Crossing these great distances would possibly allow humans to colonise the universe. We still need to find a material way to break the speed limit.

But What If?

Let’s assume that humans have overcome the technical obstacles and have built a fast aircraft capable of traveling at the speed of light. What will happen to the human body and to the spacecraft itself? The fragile human body which is mostly water will have to contend with many significant new hazards. There will also be speculative dangers if humans achieve faster-than-light travel, either by paradigm-shattering discoveries or exploiting loopholes known in physics.

Rapid acceleration and deceleration can be very dangerous to the human body. Just imagine the trauma of a human body in a car crash. This is due to inertia and gravitational forces. 1 G is equal to the pull of Earth’s gravity towards the planet’s centre at 9.8 m/second squared.

The average person can withstand a sustained force of about 5 Gs from head to toe before going unconscious. The human record for momentary Gs is 82.6 Gs held by Eli Beeding on a rocket-powered sled in 1958 at about 34mph or 55 km/h in 1/10 of a second.

In space, G forces will not be felt as much, astronauts at a cruising speed of 16,150 mph or 26,000 km/h in orbit feels like passengers do on a commercial plane. The problem will be the small space rocks or micrometeoroids. A grain-sized rock can be devastating at speeds nearly 186,000 mph or at 300,000 km/h.

According to Eric Davis, a senior research physicist at the Institute for Advanced Studies at Austin and contributor to NASA’s Breakthrough Propulsion Physics Programme, considering conventional physics for getting humans up to reasonable interplanetary space travel – they are fission, fusion and the antimatter annihilation.

Different propulsion systems based on fission and fusion could theoretically accelerate a vessel up to 10% of the speed of light or about 62,000,000 mph of 100,000,000 km/h.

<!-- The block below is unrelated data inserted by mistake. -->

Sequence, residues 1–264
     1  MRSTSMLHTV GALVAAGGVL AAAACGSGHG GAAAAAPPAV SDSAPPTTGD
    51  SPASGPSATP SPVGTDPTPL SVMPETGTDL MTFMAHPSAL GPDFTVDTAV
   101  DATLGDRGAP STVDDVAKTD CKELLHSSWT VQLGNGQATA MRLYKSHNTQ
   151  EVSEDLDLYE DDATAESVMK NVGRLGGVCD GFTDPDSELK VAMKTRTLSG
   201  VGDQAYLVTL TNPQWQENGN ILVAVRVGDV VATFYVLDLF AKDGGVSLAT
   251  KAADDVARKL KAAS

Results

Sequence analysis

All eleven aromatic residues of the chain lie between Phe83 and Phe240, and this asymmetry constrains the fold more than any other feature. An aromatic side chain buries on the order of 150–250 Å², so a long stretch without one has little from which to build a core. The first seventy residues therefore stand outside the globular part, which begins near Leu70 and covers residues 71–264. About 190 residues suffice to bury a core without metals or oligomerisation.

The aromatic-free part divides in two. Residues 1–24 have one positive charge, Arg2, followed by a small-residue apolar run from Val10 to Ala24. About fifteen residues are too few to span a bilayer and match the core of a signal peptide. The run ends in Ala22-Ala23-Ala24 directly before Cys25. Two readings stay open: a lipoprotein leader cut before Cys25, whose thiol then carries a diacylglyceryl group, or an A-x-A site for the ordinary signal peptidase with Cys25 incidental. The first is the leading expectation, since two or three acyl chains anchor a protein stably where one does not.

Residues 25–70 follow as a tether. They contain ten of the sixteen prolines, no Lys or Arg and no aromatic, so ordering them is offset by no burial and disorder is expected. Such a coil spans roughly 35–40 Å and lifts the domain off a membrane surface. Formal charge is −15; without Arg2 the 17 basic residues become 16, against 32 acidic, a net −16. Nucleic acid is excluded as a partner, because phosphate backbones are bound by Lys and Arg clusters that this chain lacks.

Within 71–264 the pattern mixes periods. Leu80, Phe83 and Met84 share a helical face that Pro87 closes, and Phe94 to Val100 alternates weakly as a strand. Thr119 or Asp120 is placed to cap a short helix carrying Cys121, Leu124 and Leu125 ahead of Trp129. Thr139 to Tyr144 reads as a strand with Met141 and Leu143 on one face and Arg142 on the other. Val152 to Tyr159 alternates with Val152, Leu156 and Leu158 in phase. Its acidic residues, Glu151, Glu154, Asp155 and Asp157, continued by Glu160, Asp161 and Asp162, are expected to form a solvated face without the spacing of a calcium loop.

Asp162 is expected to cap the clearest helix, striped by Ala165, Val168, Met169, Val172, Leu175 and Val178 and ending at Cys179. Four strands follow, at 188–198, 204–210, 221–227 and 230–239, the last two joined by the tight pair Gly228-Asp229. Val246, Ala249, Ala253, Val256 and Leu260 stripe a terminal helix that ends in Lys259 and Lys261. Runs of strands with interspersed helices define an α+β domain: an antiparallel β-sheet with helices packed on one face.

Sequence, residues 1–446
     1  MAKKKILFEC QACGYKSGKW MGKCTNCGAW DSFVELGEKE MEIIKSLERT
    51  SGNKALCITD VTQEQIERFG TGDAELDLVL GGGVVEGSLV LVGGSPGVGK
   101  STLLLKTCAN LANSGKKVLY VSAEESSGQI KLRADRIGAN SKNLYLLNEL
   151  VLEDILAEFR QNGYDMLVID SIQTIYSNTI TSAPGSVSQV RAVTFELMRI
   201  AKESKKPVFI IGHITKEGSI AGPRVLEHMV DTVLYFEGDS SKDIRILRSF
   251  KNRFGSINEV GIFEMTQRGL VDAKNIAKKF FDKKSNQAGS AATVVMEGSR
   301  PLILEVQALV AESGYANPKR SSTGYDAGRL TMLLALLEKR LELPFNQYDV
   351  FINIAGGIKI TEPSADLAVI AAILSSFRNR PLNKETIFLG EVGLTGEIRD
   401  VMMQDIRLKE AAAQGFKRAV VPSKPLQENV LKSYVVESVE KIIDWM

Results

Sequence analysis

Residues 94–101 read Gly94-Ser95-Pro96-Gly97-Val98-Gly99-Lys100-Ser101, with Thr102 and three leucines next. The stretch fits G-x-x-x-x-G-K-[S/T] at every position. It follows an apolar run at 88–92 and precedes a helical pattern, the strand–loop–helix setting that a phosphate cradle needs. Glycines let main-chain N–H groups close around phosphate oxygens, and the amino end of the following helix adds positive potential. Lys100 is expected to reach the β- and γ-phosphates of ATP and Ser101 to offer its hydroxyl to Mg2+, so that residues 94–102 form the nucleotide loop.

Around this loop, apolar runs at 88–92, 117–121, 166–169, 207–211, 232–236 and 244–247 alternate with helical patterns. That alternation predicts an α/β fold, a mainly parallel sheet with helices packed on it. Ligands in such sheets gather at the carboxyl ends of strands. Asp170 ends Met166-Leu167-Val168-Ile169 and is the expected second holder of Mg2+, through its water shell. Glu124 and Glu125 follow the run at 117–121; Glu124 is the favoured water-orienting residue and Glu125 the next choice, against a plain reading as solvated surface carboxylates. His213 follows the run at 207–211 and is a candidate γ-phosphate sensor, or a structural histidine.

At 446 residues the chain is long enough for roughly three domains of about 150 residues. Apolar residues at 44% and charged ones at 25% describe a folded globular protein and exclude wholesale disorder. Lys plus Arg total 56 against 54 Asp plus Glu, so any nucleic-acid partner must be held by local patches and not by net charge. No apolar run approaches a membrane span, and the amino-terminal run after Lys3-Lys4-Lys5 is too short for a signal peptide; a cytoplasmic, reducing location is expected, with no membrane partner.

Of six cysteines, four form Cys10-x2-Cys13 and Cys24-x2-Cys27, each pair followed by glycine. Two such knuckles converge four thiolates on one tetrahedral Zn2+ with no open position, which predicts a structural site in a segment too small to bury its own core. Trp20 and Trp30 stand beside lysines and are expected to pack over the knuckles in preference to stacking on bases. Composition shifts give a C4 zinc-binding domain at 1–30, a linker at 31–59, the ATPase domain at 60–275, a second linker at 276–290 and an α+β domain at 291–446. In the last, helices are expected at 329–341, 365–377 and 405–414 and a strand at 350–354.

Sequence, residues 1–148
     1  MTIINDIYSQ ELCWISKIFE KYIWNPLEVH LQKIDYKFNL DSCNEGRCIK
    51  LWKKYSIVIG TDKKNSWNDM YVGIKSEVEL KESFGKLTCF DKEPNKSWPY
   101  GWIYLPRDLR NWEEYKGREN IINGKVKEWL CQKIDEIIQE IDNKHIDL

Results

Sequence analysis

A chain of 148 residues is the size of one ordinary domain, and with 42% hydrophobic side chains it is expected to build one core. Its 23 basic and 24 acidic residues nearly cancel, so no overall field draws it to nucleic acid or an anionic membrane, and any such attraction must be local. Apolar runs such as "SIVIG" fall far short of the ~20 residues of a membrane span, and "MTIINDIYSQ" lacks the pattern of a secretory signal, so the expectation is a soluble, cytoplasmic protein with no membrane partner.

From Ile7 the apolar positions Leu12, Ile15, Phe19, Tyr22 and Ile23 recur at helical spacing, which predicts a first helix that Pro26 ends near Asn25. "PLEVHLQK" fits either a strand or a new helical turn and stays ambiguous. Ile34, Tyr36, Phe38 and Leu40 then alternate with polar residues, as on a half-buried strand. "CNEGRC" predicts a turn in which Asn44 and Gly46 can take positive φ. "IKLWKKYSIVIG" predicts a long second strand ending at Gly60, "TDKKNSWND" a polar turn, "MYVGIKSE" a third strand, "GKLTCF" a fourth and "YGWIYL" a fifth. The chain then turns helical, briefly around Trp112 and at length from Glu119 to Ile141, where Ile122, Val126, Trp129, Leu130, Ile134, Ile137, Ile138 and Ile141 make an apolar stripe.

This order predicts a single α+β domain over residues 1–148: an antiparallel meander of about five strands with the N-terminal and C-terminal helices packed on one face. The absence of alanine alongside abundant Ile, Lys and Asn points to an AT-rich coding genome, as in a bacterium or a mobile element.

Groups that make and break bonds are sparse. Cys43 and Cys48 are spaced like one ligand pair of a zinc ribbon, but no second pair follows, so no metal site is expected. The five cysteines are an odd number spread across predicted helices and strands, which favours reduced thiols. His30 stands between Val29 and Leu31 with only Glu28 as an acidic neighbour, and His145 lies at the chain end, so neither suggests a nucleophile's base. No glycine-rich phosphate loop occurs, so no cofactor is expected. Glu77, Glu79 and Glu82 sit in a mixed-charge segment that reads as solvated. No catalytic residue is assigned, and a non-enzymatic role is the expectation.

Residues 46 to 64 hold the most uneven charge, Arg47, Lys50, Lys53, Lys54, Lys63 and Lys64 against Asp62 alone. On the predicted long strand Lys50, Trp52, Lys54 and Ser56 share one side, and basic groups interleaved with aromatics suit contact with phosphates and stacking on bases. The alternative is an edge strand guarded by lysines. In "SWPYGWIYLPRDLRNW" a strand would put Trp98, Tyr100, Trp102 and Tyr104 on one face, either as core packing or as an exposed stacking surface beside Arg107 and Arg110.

The best case for powering a fast spacecraft far and away is antimatter. When matter and antimatter make contact, they obliterate each other as pure energy. Technologies that will generate and store minuscule amounts of antimatter exist at present, but production of useful amounts would require next generation facilities

With antimatter-fuelled engines, it can accelerate over periods of months or years to very high percentages of the speed of light with Gs having tolerable level for occupants.

And at hundreds of millions of kilometres per hour, every rock will become a high-powered bullet into the hull of the ship. Also, the ambient hydrogen of space would result into a bombardment of intense radiation.

Hydrogen will break into subatomic particles that will pass through the ship that will irradiate the ship, the equipment and the crew. Reaching at speeds around 95% will be instant death. The ship will heat up to melting temperatures, while water in the human body will boil and then explode.

Now, let’s say man has reached the technological advancements and has built the warp drive of Star Trek. The drive is called the Alcubierre drive, which involves compressing the normal space-time in front of the ship while expanding it behind. So the ship will be inside a warp bubble that moves faster than the speed of light. The ship inside remains at rest within the pocket of normal space-time, which avoids any violation of the universal limit of light speed. The concept needs an exotic form of matter that possesses a negative mass to contract and expand space-time.

But a 2012 paper by the University of Sydney researchers suggests that the warp bubble would collect high-energy cosmic particles. Some particles would leak into the bubble and bombard the ship with immense radiation destroying everything, which would suck big time.

If physics and future scientists find out that the technology is possible, it would also give them new and unforeseen possibilities for protecting the ship and the crew.

Speed. What a rush!


About Author

Jon specialises in research and content creation for our outreach campaigns. He’s worked as a technical support representative for Dell, America Online, Xbox and Dodo Australia. He’s an avid scooterist and musician.